Introduction

The following measurement examples demonstrate use of the Teledyne LeCroy MDA810 Motor Drive Analyzer to characterize a 480-V, three-phase, 1.5-hp AC induction motor drive. Examples will include measurement of drive input and output performance and efficiency when measured for a short time period under no-load and under loaded conditions, as well as dynamic analysis of the drive from a no-load startup to a steady-state load. The latter example shows how the MDA810 leverages its long acquisition time to gain a full understanding of the motor drive’s performance characteristics.

Input-Output Performance Analysis with No Load

To begin with, Figure 1 shows acquisition waveforms of the drive’s input and output signals.

Figure 1:

Acquisitions of AC induction drive input and output waveforms

The four waveforms on the upper left side of the screen capture are the AC inputs to the motor drive (acquired using the two-wattmeter method). The setup summary at bottom left shows that the input is configured for three-phase, three-wire, 2V2A. Channels 1 and 2 (yellow and magenta, respectively) are the input voltages, while channels 5 and 6 (white and lavender, respectively) are the input currents.

Shown at top right are the acquired waveforms present at the motor drive’s output. We have defined the waveforms in the setup summary at bottom left using the two-wattmeter method. Thus, the MDA810’s eight analog input channels afford viewing of inputs and outputs of a three-phase system.

In this example, the acquisition is relatively short as shown by the Timebase descriptor box at bottom right. The acquisition spans 500 ms and comprises 2.5 Mpoints. From a cursory glance, it appears to be a steady-state load. Below the waveform display grids is a numeric table of mean values (see inset above). The input voltage is 480 V and output voltage is 120 V, which is substantially less because the drive is running at a low speed with no load. From the currents, we can calculate the real, apparent, and reactive power; power factor; phase angle; and efficiency. The latter is very low, which one would expect with no load on the drive.

Plotting of Efficiency vs. Time

Among the MDA810’s powerful analysis capabilities is its ability to plot measurement results vs. time, time-correlated to the original acquisition data. In this fashion, the instrument makes it easy to spot dynamic changes in data and correlate them to other acquired signals. In Figure 2, the AC input signals appear at top left. Atop the right-side display grids, note the selection of the Efficiency tab to display the calculated sync signals derived from Channel 1. These sync signals indicate the period of time over which the various power values are measured, and these periods are different between the AC input and drive output. Shown in Figure 2 are two color-coded grids that show the power period for the AC input sync signal (center right) and drive output sync signal (bottom right). Viewing the sync signals serves to verify the power periods for input and output.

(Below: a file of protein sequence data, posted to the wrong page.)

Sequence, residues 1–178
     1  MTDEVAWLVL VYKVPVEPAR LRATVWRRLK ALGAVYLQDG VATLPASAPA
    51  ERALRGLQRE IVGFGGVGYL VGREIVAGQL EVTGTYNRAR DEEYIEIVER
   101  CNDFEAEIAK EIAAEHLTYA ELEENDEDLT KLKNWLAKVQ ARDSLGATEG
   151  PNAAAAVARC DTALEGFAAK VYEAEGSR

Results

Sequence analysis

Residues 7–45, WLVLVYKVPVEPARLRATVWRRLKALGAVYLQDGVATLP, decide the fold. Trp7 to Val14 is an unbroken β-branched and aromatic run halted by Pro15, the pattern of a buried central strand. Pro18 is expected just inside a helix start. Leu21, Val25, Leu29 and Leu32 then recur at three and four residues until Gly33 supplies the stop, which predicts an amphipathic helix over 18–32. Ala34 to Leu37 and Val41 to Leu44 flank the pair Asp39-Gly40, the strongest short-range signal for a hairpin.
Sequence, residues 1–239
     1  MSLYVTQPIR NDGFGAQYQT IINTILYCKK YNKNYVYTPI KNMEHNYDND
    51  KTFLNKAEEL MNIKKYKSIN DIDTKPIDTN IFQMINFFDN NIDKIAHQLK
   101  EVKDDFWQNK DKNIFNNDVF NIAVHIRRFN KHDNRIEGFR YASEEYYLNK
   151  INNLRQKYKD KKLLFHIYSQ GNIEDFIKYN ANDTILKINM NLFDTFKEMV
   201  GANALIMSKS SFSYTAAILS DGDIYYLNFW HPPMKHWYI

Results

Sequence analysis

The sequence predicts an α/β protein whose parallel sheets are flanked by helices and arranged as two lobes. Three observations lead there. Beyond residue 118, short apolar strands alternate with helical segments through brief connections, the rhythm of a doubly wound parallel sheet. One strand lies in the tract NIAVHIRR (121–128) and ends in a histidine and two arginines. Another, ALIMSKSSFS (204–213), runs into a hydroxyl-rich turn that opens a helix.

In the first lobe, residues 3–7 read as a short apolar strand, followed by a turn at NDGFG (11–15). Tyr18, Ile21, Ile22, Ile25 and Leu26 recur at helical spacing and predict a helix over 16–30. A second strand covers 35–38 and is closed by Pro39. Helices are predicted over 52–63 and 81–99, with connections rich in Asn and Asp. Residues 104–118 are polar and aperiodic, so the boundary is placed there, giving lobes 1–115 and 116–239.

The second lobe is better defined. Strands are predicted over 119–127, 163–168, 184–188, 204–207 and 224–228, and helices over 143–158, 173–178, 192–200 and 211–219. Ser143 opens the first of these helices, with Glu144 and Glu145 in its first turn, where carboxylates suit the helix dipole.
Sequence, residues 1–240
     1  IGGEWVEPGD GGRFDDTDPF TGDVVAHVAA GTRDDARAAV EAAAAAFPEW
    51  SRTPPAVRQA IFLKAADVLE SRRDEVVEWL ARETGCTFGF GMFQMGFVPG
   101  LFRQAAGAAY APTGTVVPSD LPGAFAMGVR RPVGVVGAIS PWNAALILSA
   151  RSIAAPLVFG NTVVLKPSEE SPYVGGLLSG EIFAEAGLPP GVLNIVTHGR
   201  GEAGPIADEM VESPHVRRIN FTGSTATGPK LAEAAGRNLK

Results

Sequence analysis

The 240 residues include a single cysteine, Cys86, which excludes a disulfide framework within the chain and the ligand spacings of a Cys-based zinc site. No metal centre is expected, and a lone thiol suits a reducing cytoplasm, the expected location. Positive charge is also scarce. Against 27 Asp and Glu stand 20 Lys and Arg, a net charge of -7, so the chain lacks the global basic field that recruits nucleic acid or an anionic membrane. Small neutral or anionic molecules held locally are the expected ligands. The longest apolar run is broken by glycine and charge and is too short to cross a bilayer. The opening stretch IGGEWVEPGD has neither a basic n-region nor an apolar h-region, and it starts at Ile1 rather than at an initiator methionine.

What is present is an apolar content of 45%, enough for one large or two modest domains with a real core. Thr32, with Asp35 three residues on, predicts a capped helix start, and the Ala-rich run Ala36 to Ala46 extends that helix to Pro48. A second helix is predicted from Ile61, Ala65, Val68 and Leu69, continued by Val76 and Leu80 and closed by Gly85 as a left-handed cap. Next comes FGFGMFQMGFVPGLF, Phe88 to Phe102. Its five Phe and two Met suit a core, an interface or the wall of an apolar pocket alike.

Figure 2:

Per-cycle efficiency vs. time waveform appears at top right

Clicking on the red-shaded box in the Mean Value Numerics table (Figure 2, bottom) opens a per-cycle efficiency vs. time waveform (Figure 2, top right). Efficiency is on the vertical axis while time is on the horizontal axis. The time on this plot correlates to the time in the Channel 1 voltage trace.

The plot appears as a stair step-shaped waveform because it reflects the two differing power periods in the two sync signals. Per-cycle efficiency vs. time derives from the ratio between the two measurements. The plot evidences the differences in the periods as can be seen in the differing widths of the steps in the waveform. With cursors, we measure the variation in efficiency between peaks and valleys. In the example of Figure 2, the yellow descriptor box at lower right tells us that efficiency peaks at about 36.3% and diminishes to 32.3%. Thus, a signal that appears to be more or less steady state in nature does in fact display some variation in efficiency.

Leveraging the Power of Complete Statistics vs. Simple Mean Values

Figure 3:

Clicking the mean efficiency value opens a full statistics table

Unlike traditional power analyzers that perform only static mean measurements, the MDA810 also provides full statistical breakouts of measurements and efficiency values (Figure 3). From the statistics, we note that the MDA made 50 efficiency calculations on the displayed per-cycle vs. time waveform, based on 28 AC input periods and 22 drive output periods. Note that the mean efficiency value in the Numerics table matches the mean efficiency value in the full statistics table.

Input-Output Performance Analysis with Constant Load